or 12.94%.
w_{1} | w_{2} | μ_{P} | σ_{P} (ρ = 0.3) | σ_{P} (ρ = 1) | σ_{P} (ρ = −1) |
0.0 | 1.0 | 15% | 24.00% | 24.00% | 24.00% |
0.2 | 0.8 | 14% | 20.39% | 22.40% | 16.00% |
0.4 | 0.6 | 13% | 17.42% | 20.80% | 8.00% |
0.6 | 0.4 | 12% | 15.48% | 19.20% | 0.00% |
0.8 | 0.2 | 11% | 14.96% | 17.60% | 8.00% |
1.0 | 0.0 | 10% | 16.00% | 16.00% | 16.00% |
Nonsystematic risk can be diversified; systematic risk cannot. Systematic risk is more important to an equity investor. Either type of risk can lead to the bankruptcy of a corporation.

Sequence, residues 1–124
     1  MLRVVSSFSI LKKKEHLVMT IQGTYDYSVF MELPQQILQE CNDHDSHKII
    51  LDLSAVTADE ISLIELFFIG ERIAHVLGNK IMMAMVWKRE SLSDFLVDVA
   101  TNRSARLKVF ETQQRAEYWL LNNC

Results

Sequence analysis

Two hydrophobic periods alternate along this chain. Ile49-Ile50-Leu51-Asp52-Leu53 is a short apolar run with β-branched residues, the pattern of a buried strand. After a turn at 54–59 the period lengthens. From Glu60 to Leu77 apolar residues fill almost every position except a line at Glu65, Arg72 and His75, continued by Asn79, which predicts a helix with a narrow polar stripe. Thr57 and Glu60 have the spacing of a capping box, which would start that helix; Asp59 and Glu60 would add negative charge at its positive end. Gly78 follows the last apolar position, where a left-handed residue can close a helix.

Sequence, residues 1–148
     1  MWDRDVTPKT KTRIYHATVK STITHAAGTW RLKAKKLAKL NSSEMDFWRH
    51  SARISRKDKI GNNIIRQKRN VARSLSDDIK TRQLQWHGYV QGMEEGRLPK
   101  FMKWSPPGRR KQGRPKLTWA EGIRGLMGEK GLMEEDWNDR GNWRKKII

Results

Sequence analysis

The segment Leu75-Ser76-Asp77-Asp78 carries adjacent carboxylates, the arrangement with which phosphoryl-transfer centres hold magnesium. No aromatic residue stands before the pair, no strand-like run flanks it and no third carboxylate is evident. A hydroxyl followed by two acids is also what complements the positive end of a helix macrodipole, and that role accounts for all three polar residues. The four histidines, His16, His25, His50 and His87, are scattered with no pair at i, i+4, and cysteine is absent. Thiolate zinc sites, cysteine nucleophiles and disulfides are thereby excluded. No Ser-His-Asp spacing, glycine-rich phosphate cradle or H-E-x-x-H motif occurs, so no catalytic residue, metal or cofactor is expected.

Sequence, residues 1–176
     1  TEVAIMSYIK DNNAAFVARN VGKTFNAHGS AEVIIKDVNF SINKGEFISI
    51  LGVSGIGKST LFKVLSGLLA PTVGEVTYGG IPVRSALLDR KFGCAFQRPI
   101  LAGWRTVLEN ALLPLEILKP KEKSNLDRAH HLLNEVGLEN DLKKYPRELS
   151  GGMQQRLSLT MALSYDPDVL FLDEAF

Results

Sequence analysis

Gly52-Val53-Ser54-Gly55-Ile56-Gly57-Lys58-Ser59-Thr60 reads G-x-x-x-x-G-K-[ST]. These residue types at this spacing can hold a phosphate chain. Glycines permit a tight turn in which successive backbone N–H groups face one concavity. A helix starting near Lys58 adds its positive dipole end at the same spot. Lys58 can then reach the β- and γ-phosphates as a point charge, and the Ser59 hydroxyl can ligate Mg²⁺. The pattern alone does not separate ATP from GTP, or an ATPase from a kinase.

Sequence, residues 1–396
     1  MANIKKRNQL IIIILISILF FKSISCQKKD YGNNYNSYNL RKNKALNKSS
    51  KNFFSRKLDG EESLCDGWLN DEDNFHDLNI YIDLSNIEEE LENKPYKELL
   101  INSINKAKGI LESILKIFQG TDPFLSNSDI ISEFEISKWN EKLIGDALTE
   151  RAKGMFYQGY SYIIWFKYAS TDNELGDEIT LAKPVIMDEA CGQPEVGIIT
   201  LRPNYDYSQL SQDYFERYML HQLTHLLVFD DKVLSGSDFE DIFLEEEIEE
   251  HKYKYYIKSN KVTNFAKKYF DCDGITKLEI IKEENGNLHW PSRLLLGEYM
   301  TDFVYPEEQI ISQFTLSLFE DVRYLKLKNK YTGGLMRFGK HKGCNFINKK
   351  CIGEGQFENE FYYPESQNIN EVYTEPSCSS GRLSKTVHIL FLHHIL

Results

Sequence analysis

We assume that investors trade off mean return and standard deviation of return. For a given mean return, they want to minimize standard deviation of returns. All make the same estimates of means, standard deviations, and coefficients of correlation for returns on individual investments. Furthermore, they can borrow or lend at the risk-free rate. The result is that they all want to be on the “new efficient frontier” in Figure 1.4. They choose the same portfolio of risky investments combined with borrowing or lending at the risk-free rate.
(a) 7.2%, (b) 9%, (c) 14.4%.
The capital asset pricing model assumes that there is one factor driving returns. Arbitrage pricing theory assumes multiple factors.
In many jurisdictions, interest ...
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